Dressed in gowns, wearing mortarboards and tassels they walk up the aisle and across the stage to receive diplomas in front of family, teachers, peers and the community. They are young adults now, ready to drive off into their futures with courage, fear, conviction and indecision. Such is the nature of graduation day.

But it wasn’t long ago, a blink of an eye really, that they started this journey, perhaps wearing costumes of a much different sort — a Spider Man suit to brave the new frontier of kindergarten, a tutu, flowing cape or astronaut suit to embrace the rigors of first grade in style.

They held the hands of parents, grandparents and caregivers during those early years, walking side by side or maybe lingering behind. And then one day they let go and ran off to the playground while an adult stood slightly askew, feeling rather helpless and alone. Do the students remember that moment now, while walking across the stage pondering the places they will go? Guaranteed the audience does.

Along the way, many teachers became mentors as did coaches, administrators, bus drivers, the school nurse bandaging a skinned knee or bruised feelings. A few became antagonists, tough when warmth was needed or simply oblivious to their own effect. The school years, that dynamic, confusing, formative period of life, have lingering effects that influence one’s world view, both positive and negative.

As graduation day looms and students start shrugging off, for the summer or forever, the too-tight institutional bonds that are an inevitable part of school, tension always seems to build, and this year seems unusually fraught.

There are so many rules and early alarms, tests of will and experiments with things forbidden, disagreements and parting of ways. High school is a time when growing empowerment repeatedly confronts a lack of power, when independence is still tethered to a short leash. It is a time when students of today grapple with the past, most specifically that of their parents and teachers. The various eras offer a kaleidescope of perspectives and shifting truths.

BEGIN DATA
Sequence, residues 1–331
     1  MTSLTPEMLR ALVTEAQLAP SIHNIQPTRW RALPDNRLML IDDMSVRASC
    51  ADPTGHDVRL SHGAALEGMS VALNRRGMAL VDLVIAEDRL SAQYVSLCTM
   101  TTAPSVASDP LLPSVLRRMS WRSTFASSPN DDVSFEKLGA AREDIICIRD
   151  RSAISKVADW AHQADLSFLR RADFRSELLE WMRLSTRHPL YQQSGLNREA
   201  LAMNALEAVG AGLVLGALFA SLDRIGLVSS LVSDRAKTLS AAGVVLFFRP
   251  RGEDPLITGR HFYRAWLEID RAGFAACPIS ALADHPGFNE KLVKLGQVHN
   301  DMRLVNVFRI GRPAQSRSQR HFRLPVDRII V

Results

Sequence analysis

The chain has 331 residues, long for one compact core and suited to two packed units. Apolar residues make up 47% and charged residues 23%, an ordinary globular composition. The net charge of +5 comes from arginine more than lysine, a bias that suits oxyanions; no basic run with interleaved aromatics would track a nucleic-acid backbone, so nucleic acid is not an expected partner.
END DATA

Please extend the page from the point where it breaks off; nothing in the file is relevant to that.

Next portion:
Has there been a more complex time to come of age than this one? Most seniors began kindergarten 11 years ago; if not the dawn of the smart-phone then definitely the early hours. Social media, sea levels, gender fluidity, school shootings — all rose while they attended class each year. A diploma contains all this and more, encompassing the personal and the communal.

These challenges are not confined to students themselves. Parents, siblings, teachers, coaches, school administrators, employers are all struggling to adapt to new realities that seem to be changing at warp speed. Are they handling it correctly? Even with perfect insight into the facts and circumstances of every decision, the answer will of course be no.

The Vineyard does not have walls but it has shores, which sets it apart. Both renowned and small town, the community is very close and its roots run deep. The passing of the torch on graduation day includes names that go back generations to the newly arrived. The pride for all is palpable at each ceremony around the Island and is backed up financially with monetary scholarships that no other community comes close to. Millions of dollars in are given out each year to regional high school and charter school students. Large and small, year-round and seasonal, the gifts represent every group imaginable and although the money is important the gesture and good will speak even louder.

The insularity of the Vineyard also has its drawbacks. It is too easy to imagine that one has superior insight into how to handle issues that come from nowhere — who even knew the word vaping five years ago? In a school setting, where the need to protect the privacy, physical and mental health and safety of minors is paramount, it is unfair to pass judgment on actions where all the facts are, necessarily, not in evidence.

To the graduates: now begins your chance to take what you’ve learned — drawing strength from the good and lessons from the bad — and figure out how you can make the best decisions for yourself and for the world. And so good luck to all — the speech-givers and athletes, the singers and actors, the optimists and pessimists, the talkers and wallflowers, the traditional and the unconventional.

The Island is proud of you and will always be here for you.